The answer to those concerns is, in part found, in the rotten apple analogy and in part comes back to the care and limited circumstances in which Prasad Direction were traditionally given. 

    The High Court has said that from now on if there is evidence, even if tenuous or inherently weak or vague, that is capable of supporting a verdict of guilty, the matter must be left to the jury. 

    Canberra barrister Jack PappasAdmittedly, there is still a very limited class of case which may be terminated early by a "no case" ruling by the judge. However, judges in this country cannot, without infringing the function of a jury, take a case away from the jury and order an acquittal even they conclude that a conviction would amount to an unsafe and unsatisfactory verdict.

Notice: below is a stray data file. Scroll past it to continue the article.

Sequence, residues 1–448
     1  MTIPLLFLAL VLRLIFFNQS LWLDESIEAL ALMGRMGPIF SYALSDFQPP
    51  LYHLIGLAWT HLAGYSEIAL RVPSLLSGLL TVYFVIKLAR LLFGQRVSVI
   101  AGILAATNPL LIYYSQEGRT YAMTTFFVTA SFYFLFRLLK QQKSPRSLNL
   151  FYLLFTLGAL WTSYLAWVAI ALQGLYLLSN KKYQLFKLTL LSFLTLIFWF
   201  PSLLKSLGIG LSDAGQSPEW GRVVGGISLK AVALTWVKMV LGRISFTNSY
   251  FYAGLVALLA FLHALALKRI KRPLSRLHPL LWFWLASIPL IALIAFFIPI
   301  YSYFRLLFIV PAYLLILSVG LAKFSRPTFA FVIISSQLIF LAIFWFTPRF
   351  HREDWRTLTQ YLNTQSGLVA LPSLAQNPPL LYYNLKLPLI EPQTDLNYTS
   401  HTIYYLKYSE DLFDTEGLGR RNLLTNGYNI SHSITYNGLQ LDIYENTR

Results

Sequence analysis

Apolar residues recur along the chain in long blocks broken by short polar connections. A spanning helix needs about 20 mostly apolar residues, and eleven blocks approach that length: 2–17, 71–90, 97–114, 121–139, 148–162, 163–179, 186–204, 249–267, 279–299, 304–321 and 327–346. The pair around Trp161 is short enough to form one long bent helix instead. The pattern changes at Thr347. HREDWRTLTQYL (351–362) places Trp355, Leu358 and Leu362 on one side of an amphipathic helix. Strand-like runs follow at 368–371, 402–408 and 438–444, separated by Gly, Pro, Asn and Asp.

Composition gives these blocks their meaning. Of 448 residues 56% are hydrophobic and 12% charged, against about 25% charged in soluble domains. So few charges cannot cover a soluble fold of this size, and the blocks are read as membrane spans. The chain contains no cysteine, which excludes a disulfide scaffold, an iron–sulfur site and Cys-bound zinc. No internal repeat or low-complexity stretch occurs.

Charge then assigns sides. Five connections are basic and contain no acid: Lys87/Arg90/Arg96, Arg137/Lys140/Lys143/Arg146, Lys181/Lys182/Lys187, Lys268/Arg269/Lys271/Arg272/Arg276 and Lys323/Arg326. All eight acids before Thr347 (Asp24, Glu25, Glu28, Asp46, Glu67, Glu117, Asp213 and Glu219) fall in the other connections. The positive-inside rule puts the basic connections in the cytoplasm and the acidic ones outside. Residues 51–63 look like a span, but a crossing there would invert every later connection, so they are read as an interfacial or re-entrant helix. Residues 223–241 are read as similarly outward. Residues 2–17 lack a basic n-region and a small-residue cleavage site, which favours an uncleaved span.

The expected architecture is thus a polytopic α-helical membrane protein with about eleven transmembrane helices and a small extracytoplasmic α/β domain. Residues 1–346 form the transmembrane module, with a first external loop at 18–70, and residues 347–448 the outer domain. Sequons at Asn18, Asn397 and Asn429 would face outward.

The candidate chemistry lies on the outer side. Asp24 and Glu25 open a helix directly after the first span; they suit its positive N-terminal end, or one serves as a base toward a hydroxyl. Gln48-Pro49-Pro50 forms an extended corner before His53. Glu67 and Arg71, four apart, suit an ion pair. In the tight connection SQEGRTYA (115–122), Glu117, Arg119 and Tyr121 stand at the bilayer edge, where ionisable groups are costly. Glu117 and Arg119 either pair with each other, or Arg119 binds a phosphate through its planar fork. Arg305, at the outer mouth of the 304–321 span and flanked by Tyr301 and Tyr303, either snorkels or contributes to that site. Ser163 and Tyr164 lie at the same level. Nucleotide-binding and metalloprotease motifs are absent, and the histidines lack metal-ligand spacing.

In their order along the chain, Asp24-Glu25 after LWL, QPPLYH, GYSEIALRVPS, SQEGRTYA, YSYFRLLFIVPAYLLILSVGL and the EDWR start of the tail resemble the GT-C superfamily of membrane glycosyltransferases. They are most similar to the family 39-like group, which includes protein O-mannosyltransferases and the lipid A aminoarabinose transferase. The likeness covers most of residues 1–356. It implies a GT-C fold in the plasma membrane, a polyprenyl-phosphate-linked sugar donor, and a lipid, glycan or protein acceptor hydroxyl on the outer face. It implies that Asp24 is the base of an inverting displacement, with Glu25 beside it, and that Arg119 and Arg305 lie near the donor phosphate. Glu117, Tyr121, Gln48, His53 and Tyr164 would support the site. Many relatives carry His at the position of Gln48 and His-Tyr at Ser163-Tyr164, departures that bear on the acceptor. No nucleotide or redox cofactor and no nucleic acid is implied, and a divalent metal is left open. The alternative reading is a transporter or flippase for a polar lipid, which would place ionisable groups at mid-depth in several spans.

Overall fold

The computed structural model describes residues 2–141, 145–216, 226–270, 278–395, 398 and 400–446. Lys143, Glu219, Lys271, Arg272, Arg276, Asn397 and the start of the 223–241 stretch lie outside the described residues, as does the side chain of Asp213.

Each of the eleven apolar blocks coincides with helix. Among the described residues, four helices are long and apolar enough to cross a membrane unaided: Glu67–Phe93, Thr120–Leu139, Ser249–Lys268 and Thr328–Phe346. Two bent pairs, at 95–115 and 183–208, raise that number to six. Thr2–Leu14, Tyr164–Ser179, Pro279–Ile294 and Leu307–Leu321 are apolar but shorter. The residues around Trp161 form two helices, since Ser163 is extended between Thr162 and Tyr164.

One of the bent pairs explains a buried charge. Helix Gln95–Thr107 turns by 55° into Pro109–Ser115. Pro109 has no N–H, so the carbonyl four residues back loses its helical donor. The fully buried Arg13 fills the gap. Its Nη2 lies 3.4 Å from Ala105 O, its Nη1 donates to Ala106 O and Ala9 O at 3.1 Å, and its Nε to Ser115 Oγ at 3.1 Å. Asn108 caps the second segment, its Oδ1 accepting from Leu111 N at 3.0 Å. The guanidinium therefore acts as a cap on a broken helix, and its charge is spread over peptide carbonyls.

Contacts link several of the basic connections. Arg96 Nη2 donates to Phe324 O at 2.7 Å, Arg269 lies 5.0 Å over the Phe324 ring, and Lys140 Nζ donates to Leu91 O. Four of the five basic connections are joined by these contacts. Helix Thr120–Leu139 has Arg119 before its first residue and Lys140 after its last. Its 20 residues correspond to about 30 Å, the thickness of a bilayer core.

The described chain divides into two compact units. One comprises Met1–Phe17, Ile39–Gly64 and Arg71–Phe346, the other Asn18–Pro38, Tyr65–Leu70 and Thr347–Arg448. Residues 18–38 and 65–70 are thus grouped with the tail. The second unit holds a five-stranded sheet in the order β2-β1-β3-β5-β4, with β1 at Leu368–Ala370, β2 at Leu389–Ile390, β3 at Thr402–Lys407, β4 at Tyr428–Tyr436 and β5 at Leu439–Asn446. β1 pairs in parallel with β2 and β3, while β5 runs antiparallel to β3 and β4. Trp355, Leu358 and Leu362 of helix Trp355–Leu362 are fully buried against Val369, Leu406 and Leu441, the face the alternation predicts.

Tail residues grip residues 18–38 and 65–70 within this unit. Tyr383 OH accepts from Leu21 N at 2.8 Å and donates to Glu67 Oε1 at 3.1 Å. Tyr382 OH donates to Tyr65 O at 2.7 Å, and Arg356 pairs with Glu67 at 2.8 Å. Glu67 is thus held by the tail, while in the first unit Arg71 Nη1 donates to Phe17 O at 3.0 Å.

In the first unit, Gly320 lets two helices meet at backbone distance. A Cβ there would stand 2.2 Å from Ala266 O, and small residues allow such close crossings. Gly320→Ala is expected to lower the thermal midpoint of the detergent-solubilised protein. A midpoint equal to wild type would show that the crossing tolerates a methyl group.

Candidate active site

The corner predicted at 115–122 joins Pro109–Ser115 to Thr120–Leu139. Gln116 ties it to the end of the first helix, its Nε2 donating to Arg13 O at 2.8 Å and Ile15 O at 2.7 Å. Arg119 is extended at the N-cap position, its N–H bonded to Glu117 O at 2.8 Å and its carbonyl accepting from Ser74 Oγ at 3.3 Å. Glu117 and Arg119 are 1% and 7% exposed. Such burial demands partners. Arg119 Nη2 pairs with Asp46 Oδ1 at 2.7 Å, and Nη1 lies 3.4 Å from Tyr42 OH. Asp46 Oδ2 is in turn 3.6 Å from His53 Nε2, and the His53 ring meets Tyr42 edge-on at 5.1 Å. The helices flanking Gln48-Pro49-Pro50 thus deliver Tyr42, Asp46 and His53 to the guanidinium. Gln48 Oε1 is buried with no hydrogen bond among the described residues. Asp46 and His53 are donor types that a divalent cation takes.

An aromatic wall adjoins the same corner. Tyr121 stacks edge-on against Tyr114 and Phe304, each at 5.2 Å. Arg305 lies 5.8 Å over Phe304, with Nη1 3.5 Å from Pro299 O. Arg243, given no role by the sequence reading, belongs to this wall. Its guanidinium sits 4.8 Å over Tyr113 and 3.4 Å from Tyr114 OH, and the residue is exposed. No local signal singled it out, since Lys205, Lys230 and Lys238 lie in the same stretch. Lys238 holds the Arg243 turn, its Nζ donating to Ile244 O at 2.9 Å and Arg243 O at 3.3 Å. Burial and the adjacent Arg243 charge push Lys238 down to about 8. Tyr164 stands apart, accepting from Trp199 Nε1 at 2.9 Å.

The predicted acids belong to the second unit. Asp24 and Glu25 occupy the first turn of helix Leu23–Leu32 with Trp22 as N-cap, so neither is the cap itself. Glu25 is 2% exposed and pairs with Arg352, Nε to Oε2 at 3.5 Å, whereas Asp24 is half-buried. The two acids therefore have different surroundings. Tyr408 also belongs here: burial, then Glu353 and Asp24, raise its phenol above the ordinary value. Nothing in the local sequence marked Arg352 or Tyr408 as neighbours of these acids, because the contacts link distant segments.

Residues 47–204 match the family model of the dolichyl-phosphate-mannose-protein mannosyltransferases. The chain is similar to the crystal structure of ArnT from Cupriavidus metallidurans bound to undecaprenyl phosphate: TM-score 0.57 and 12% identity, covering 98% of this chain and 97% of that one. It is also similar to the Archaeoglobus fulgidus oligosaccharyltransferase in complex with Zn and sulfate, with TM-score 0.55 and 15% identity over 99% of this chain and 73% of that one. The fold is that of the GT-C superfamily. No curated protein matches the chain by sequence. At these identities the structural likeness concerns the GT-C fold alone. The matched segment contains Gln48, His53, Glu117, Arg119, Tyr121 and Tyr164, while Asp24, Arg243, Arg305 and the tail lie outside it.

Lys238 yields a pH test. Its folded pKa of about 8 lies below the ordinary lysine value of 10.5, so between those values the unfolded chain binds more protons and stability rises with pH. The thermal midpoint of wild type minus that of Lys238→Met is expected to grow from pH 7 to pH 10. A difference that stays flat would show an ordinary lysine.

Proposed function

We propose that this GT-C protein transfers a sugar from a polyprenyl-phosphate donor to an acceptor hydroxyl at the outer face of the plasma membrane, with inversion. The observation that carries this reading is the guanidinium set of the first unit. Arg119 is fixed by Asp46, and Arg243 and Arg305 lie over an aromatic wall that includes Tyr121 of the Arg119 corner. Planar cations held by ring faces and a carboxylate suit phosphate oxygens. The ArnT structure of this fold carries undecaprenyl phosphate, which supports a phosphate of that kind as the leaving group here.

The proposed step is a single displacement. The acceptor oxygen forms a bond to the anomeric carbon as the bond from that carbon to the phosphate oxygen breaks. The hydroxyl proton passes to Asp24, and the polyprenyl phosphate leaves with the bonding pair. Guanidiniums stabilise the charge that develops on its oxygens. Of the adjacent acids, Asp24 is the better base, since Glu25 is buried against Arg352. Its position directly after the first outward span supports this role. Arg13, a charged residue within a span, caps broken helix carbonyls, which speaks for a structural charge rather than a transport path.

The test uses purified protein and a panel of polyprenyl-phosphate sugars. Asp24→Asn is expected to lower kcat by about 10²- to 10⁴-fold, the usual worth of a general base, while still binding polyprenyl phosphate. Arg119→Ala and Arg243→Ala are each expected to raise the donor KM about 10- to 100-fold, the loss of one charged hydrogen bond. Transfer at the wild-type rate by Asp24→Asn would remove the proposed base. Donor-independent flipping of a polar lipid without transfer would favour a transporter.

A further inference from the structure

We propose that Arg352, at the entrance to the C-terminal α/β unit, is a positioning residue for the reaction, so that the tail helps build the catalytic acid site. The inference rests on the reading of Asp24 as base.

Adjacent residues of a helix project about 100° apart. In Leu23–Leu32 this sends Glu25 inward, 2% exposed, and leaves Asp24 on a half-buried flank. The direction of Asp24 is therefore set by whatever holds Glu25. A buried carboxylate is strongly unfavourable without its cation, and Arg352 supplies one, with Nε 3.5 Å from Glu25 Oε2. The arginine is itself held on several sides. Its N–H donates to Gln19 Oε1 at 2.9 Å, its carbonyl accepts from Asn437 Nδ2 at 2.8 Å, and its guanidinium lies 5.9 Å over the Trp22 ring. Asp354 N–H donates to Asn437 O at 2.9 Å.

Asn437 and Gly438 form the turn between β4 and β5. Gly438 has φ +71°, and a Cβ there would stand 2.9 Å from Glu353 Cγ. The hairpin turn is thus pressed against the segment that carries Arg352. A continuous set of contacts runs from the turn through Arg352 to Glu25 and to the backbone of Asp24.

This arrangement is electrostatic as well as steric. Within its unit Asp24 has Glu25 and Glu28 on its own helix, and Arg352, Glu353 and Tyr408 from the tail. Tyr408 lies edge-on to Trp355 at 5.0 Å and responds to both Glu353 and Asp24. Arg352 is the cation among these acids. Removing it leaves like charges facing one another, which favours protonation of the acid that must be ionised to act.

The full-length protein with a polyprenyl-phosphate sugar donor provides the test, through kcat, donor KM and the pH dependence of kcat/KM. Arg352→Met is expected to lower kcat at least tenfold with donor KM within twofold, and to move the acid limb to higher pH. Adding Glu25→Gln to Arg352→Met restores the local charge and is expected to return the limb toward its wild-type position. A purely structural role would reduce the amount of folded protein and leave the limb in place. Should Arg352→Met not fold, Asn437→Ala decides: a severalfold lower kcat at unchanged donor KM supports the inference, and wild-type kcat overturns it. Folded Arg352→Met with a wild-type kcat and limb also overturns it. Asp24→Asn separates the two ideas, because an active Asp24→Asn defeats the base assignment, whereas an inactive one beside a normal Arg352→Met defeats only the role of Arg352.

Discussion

Since the public has been deprived of the safety valve of Prasad Directions, the judges should be given the power to take a case away from a jury if they perceive that an outcome will be either unsafe or unsatisfactory, resulting in injustice or an inevitably successful appeal.

    The solution to the lacuna created by the High Court decision is either to reinstate the Prasad Direction as a part of criminal practice by statutory amendment or to give trial judges greater power at any stage of proceedings to bring them to a conclusion.

    Both solutions lie in the hands of the attorney general and the government and deserve earnest and urgent consideration. 

    Jack Pappas - barrister-at-law

    Reader Comments (1)

    No. I think we should let them all go unless they plead guilty. Only then can we be sure of their guilt. Yes, that's the answer.
    April 4, 2019 | Unregistered CommenterAnon